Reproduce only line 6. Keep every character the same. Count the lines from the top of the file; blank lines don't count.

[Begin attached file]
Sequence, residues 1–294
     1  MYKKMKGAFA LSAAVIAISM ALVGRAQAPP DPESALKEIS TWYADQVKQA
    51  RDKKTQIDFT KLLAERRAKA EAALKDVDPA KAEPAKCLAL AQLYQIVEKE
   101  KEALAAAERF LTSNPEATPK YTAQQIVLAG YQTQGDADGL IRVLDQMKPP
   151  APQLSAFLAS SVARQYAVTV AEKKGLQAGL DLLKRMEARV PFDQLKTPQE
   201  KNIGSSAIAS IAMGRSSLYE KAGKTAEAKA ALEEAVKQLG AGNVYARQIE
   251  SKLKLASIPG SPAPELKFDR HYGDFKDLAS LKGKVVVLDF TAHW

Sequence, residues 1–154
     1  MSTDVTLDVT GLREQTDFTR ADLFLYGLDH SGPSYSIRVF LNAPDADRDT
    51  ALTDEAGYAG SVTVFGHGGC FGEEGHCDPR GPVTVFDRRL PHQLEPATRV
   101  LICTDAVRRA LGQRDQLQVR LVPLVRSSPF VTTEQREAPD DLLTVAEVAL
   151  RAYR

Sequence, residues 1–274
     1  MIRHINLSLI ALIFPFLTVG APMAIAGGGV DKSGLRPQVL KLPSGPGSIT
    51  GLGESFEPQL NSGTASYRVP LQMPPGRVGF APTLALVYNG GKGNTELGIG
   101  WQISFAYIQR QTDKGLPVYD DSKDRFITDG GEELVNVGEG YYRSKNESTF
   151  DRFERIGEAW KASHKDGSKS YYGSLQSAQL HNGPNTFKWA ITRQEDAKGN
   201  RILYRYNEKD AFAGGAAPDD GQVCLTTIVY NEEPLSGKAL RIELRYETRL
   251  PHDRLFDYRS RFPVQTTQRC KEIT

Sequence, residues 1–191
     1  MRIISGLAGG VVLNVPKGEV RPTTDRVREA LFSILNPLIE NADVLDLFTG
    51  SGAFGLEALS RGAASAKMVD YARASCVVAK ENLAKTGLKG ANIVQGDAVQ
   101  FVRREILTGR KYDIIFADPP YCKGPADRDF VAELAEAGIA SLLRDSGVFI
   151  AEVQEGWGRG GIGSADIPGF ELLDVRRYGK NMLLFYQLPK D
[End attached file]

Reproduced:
   201  KNIGSSAIAS IAMGRSSLYE KAGKTAEAKA ALEEAVKQLG AGNVYARQIE